The tendency of N2O4 to reversibly break down into NO2 has led to research on its use as a so-called dissipative gas in advanced power generation systems.  The “cool” dinitrogen tetroxide is compressed and heated, causing it to dissociate into nitrogen dioxide at half its molecular weight. This heated nitrogen dioxide is expanded by means of a turbine, it is cooled and pressurized, and then further cooled in a heat sink, allowing it to recombine into nitrogen tetroxide at the original molecular weight goes. Then it is much easier to compress to start the whole cycle again. Such dissipative gas Breton cycles have the potential to significantly increase the efficiency of power conversion equipment.
Intermediate in the manufacture of nitric acid
Nitric acid is largely manufactured through N2O4 . This species reacts with water to give both nitrous acid and nitric acid:
N 2 O 4 + H 2 O → HNO 2 + HNO 3
On heating the product HNO 2 does not disproportionate to NO and more nitric acid. Upon exposure to oxygen, NO is converted back to nitrogen dioxide:
2 NO + O 2 → 2 NO 2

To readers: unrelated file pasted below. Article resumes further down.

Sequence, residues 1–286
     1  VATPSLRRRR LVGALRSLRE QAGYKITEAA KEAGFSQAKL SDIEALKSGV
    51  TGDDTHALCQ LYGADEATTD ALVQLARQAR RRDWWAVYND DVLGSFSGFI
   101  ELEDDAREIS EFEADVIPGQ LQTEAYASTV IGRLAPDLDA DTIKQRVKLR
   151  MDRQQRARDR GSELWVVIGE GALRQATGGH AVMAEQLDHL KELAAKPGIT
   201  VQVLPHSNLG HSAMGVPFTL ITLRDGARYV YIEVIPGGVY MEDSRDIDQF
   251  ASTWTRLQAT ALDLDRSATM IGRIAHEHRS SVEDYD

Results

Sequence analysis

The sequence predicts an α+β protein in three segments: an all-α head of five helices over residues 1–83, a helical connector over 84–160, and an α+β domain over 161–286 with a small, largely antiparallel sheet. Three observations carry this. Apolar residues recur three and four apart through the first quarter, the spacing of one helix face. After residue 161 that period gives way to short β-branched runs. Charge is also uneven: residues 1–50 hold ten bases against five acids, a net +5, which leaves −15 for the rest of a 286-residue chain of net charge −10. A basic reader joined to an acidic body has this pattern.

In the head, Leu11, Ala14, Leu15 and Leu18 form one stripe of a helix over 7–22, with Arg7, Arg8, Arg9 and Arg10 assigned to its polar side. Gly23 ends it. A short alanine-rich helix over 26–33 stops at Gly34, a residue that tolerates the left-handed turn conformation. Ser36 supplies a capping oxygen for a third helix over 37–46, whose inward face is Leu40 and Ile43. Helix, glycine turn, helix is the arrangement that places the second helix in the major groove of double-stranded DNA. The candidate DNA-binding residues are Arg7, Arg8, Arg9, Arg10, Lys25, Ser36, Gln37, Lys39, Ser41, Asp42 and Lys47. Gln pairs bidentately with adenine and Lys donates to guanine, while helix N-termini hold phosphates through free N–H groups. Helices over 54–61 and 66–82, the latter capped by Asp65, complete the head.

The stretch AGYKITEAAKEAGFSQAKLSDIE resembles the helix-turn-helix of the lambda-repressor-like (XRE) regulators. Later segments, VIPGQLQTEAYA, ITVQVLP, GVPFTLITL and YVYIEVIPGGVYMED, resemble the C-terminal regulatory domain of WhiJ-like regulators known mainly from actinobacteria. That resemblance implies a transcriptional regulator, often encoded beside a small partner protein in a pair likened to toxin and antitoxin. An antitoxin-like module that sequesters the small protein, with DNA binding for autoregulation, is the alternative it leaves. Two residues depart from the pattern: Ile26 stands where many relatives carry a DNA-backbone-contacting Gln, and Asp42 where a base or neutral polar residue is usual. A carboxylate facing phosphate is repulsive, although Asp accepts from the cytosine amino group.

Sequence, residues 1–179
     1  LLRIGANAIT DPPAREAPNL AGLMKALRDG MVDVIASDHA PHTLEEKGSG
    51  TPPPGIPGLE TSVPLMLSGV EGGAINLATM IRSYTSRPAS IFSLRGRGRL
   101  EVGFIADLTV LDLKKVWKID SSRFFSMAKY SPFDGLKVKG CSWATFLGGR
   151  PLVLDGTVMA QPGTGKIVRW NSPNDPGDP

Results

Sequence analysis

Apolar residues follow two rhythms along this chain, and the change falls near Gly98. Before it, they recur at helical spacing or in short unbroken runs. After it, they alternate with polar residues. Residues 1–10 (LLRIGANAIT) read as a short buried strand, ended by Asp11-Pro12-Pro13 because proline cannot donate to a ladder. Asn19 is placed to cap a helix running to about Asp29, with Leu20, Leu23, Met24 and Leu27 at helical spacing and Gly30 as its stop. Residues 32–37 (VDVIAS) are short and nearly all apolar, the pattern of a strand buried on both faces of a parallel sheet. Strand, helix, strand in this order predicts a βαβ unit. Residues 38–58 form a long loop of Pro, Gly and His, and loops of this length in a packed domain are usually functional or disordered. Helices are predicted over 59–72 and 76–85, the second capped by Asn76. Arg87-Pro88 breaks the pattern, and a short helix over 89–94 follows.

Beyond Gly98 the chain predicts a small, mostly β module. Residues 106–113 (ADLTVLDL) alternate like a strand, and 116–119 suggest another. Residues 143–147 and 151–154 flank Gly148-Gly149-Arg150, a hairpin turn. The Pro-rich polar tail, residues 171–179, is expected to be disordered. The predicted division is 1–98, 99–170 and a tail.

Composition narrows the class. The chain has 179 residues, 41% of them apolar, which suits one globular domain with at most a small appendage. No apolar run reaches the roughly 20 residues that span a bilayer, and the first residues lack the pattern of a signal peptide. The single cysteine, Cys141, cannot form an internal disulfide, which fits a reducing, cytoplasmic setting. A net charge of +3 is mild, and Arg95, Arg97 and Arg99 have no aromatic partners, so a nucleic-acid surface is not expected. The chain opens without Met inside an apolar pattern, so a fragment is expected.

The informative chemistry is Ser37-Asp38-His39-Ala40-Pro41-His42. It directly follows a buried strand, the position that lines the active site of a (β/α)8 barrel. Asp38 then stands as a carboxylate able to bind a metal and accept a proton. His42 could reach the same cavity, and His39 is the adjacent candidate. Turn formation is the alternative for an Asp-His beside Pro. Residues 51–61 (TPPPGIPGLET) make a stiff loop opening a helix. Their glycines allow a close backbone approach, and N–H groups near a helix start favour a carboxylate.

The resulting NO 2 and N 2 O 4 can then be returned to the cycle to give a mixture of nitrous and nitric acid.
Synthesis of Metal Nitrates
N 2 O 4 behaves as a salt [NO + ] [NO 3 – ], the former being a strong oxidant:
2 N 2 O 4 + M → 2 NO + M (NO 3 ) 2
where M = Cu , Zn , or Sn .
If the metal nitrate is completely under anhydrous conditions N 2 O 4are prepared from, a series of covalent metal nitrates can be formed with many transition metals. This is because there is a thermodynamic preference for covalent bonds with such metals rather than forming an ionic structure for the nitrate ion. Such compounds must be prepared under anhydrous conditions, as the nitrate ion is a much weaker ligand than water, and simple hydrated nitrate will form if water is present. The related anhydrous nitrates themselves are covalent, and many, such as anhydrous copper nitrate, are unstable at room temperature. Anhydrous titanium nitrate sublimes only in vacuum at 40 °C. Many anhydrous transition metal nitrates have striking colours. This branch of chemistry was developed by Cliff Edison and Norman Logan at the University of Nottingham in the UK during the 1960s and 1970s,